News Corp boss Rupert Murdoch has sought to remind Britain of the benefits his media empire has brought to journalism.
“Many of the defining moments of my career have been in Britain,” he said at the inaugural Baroness Thatcher lecture. “This includes fundamentally changing the newspaper industry in the 1980s – which has helped give us all the uniquely vigorous press we enjoy today.
“It also includes creating modern digital television. At Sky we built satellite television service from the ground up after others had abandoned hope and investment. At the time, one of my lordly critics suggested that this new enterprise was worse for Britain than the blitz.
“Nevertheless, we persevered – and the result is that viewers across the country now enjoy great choice, and we have created tens of thousands of new jobs.”
And he reiterated his passion for an independent press: “Our new world is one of modern mass communication, phone and text, without limit.
“Democracy will be from the bottom up, not from the top down. Even so, a free society requires an independent press: turbulent …enquiring…bustling…and free.
“That’s why our journalism is hard-driving and questioning of authority. And so are our journalists. Often, I have cause to celebrate editorial endeavour. Occasionally, I have had cause for regret.
“Let me be clear: We will vigorously pursue the truth – and we will not tolerate wrongdoing.
“Now, it would certainly serve the interests of the powerful if professional journalists were muted – or replaced as navigators in our society by bloggers and bloviators.
“Bloggers can have a social role – but that role is very different to that of the professional seeking to uncover facts, however uncomfortable. A free society also requires a government with backbone.”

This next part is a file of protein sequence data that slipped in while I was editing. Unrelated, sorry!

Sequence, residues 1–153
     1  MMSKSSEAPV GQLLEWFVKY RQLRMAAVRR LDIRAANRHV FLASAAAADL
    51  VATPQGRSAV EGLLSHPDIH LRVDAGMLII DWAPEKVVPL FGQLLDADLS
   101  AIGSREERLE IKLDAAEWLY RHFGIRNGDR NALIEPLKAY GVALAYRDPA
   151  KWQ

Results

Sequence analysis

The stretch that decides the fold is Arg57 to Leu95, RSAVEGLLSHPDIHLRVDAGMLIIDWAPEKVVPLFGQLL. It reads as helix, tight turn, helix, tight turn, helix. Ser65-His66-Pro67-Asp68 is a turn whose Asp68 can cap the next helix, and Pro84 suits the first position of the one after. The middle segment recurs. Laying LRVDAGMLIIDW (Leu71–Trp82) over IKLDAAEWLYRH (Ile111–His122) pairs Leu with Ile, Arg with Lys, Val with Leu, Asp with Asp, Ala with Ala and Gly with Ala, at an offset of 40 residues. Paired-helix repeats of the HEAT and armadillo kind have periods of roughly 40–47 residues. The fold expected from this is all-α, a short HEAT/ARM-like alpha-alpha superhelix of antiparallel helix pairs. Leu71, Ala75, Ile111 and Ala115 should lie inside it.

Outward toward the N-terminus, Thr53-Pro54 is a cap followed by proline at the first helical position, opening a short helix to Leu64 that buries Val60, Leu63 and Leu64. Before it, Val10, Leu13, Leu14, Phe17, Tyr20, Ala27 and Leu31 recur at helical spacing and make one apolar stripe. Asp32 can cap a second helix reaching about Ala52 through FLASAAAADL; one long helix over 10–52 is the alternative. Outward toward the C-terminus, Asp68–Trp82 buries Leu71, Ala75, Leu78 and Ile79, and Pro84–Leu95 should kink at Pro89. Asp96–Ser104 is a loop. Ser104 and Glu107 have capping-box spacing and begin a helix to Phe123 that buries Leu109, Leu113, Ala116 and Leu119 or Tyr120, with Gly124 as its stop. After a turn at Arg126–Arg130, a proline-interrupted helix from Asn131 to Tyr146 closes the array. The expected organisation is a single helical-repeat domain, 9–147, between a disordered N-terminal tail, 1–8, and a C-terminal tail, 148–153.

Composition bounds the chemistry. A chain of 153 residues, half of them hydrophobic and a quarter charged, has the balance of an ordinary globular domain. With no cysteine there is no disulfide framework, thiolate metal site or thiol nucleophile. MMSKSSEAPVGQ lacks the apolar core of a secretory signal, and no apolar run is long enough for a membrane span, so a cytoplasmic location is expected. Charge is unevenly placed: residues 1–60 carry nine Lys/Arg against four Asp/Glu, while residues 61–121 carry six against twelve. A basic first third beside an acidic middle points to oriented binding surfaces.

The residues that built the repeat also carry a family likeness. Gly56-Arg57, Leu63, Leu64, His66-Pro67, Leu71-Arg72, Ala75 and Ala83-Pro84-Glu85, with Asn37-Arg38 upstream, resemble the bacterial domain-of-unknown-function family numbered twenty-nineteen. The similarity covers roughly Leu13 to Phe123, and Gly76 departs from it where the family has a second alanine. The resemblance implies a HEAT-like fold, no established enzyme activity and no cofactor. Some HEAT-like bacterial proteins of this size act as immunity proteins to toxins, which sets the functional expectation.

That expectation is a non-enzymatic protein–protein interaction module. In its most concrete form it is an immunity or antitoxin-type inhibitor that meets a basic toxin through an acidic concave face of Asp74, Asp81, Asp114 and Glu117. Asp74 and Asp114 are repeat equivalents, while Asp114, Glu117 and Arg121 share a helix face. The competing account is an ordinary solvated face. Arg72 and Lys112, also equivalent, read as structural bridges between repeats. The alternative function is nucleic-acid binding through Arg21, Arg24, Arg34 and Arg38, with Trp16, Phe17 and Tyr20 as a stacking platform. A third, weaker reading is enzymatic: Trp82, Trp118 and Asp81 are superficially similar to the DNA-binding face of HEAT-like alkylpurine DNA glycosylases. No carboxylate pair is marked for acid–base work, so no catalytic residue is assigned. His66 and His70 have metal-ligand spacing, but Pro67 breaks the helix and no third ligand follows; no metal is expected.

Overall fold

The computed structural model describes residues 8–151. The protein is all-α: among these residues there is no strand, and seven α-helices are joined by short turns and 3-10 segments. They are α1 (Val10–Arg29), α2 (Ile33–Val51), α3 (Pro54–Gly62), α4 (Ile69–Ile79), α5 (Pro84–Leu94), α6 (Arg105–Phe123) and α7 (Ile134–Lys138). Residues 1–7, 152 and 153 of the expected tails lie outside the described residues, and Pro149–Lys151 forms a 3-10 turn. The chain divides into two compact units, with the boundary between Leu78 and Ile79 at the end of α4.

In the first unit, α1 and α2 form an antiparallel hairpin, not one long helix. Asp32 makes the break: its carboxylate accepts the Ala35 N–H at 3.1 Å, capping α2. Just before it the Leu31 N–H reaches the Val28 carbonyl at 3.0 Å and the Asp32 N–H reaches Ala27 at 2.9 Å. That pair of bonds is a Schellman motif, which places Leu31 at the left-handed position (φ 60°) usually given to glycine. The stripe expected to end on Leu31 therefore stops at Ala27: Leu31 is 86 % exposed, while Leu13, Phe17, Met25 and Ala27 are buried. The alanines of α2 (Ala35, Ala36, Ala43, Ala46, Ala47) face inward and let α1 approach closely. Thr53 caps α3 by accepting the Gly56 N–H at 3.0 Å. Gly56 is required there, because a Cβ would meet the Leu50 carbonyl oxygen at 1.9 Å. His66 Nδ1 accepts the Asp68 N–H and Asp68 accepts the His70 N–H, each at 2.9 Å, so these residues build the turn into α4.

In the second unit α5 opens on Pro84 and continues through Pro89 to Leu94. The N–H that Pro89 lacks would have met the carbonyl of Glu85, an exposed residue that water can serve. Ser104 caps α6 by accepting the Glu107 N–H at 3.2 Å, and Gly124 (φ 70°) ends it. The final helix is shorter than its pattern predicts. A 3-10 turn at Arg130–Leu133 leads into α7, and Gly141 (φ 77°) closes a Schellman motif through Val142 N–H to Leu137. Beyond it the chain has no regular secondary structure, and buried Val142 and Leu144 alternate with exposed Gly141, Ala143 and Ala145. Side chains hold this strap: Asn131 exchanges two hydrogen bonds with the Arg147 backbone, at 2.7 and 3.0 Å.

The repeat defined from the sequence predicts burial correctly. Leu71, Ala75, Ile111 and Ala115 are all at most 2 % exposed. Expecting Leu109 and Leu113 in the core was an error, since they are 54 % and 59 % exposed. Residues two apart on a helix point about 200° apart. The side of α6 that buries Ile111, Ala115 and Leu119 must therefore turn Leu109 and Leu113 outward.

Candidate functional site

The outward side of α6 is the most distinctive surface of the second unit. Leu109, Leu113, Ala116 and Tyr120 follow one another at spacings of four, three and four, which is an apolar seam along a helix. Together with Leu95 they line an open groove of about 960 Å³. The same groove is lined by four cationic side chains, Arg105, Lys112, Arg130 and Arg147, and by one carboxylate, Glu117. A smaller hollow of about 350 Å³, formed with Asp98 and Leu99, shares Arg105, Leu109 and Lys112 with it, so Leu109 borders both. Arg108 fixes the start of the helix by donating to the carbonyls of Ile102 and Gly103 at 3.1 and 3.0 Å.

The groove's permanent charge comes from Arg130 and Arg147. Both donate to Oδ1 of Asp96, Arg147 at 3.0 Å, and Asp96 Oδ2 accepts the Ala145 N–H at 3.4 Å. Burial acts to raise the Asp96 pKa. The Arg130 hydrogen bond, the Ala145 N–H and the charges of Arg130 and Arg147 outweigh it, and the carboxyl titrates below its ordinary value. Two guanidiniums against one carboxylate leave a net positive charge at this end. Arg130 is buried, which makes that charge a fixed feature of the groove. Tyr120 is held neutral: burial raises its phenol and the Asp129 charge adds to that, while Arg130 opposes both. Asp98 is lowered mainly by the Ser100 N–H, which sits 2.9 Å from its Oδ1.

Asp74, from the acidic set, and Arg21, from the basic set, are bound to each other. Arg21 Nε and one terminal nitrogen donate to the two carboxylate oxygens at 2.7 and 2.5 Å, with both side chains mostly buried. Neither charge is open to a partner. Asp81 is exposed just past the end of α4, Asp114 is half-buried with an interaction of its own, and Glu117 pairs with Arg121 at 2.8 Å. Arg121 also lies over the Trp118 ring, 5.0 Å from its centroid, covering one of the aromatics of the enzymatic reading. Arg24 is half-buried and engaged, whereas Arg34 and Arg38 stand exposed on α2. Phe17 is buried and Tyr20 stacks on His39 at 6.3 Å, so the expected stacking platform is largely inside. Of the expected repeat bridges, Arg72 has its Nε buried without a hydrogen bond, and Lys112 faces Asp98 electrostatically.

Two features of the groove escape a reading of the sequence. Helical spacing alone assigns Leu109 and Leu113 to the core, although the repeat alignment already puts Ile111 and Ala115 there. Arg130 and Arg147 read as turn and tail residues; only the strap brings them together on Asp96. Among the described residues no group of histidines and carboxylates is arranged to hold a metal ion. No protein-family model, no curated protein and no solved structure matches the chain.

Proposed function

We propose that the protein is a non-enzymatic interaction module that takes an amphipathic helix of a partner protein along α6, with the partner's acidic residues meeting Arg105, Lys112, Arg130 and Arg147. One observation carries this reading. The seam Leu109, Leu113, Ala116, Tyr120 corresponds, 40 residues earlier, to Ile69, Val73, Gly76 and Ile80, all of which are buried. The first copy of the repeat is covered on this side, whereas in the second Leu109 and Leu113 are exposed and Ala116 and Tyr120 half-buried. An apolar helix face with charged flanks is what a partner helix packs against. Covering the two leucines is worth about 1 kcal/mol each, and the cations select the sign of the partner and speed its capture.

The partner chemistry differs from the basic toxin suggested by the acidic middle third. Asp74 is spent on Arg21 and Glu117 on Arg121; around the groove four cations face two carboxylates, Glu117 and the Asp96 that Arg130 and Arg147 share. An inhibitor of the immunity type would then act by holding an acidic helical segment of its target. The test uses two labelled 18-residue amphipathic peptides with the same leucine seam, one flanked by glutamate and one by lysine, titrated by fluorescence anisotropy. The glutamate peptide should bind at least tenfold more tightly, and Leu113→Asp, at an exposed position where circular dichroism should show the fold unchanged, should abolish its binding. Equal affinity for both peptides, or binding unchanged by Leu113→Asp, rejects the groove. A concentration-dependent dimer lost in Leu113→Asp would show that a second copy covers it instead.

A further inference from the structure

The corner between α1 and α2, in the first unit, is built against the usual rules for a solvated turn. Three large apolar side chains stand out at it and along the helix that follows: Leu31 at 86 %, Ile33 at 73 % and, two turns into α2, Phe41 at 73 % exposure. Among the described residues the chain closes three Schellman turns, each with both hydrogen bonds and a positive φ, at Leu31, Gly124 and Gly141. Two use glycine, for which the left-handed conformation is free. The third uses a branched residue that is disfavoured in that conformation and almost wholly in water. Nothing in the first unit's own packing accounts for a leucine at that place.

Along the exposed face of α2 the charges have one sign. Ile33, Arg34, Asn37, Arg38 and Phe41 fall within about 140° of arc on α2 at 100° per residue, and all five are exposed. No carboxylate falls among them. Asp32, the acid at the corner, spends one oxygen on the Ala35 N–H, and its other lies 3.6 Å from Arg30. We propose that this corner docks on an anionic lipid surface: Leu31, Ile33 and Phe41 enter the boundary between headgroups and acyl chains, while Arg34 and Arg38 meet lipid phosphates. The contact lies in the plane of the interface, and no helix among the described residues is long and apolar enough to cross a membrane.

In reference to his bid for a complete takeover of BSkyB, which the rest of the media industry is opposed to, he said: “I am something of a parvenu, but we should welcome the iconoclastic and the unconventional. And we shouldn’t curb their enthusiasm or energy. That is what competition is all about.
“Yet when the upstart is too successful, somehow the old interests surface, and restrictions on growth are proposed or imposed. That’s an issue for my company. More important, it’s an issue for our broader society.
“These are the small thinkers who believe their job is to cut the cake up rather than make it bigger.
“In my own industry, for example, digital technology is offering a chance for British companies to make their mark here and across the world.
“When The Times was founded in 1785, its influence was confined to a handful of important people in this city. Today, its content echoes around the world every day. And it has digital competitors who were not even conceived a decade ago.
“In the past too, television programmes were confined to a single screen. Now they can be watched whenever you want and wherever you are – whether on a mobile phone, a tablet or a computer. For all the change, we are still at the early stages of this revolution.”
(Source: Press Gazette)